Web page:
For policy to be effective, it needs to withstand the whims of election cycles. No doubt there will be changes in direction—that is, after all, what voters are asking for when electing a new government.
Ontario Premier Doug Ford, pictured on Feb. 10, 2018, at the Manning Centre conference in Ottawa. The Hill Times photographs by Andrew Meade
Doug Ford has been premier of Ontario for roughly a month, and already his legislative changes are creating a policy U-turn on many fronts. Cap and trade: cancelled. Green spending programs: gone. Some 758 renewable energy contracts: poof.
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Gerald Butts has removed himself from the daily political grind of strategizing how to keep the Liberals in power. But observers say it's unlikely he will be consigned to watch the campaign unfold from the sidelines.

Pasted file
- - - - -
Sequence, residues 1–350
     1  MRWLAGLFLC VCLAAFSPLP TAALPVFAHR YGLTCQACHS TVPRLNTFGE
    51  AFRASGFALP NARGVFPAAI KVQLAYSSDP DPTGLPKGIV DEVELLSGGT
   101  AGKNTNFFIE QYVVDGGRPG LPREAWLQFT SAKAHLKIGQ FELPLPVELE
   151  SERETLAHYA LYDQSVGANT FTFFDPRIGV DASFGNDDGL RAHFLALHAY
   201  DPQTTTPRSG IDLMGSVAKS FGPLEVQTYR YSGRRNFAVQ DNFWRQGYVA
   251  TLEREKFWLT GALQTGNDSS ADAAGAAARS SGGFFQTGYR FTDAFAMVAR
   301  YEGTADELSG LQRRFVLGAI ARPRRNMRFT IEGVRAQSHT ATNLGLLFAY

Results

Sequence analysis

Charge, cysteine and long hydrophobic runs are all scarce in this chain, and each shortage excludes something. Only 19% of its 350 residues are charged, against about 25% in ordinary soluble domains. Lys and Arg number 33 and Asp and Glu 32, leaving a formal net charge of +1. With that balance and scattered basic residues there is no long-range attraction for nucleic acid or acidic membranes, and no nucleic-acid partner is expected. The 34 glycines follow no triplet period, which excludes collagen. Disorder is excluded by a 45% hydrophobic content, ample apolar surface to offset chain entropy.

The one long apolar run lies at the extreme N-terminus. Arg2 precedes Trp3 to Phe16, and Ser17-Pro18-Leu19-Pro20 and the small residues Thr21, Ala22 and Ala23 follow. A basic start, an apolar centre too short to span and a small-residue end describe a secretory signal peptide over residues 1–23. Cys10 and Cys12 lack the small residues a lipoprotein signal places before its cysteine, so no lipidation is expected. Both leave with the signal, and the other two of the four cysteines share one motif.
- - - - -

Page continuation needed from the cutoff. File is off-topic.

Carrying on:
SNC-Lavalin risks a takeover if it's convicted. But aside from likely outrage in Quebec, Ottawa can find other builders for its infrastructure plans if the company is banned from bidding on federal contracts, experts say
The Quebec company had extensive access to government ministers and top staffers, and was the only organization registered to lobby for allowing deferred prosecution agreements for white collar crimes.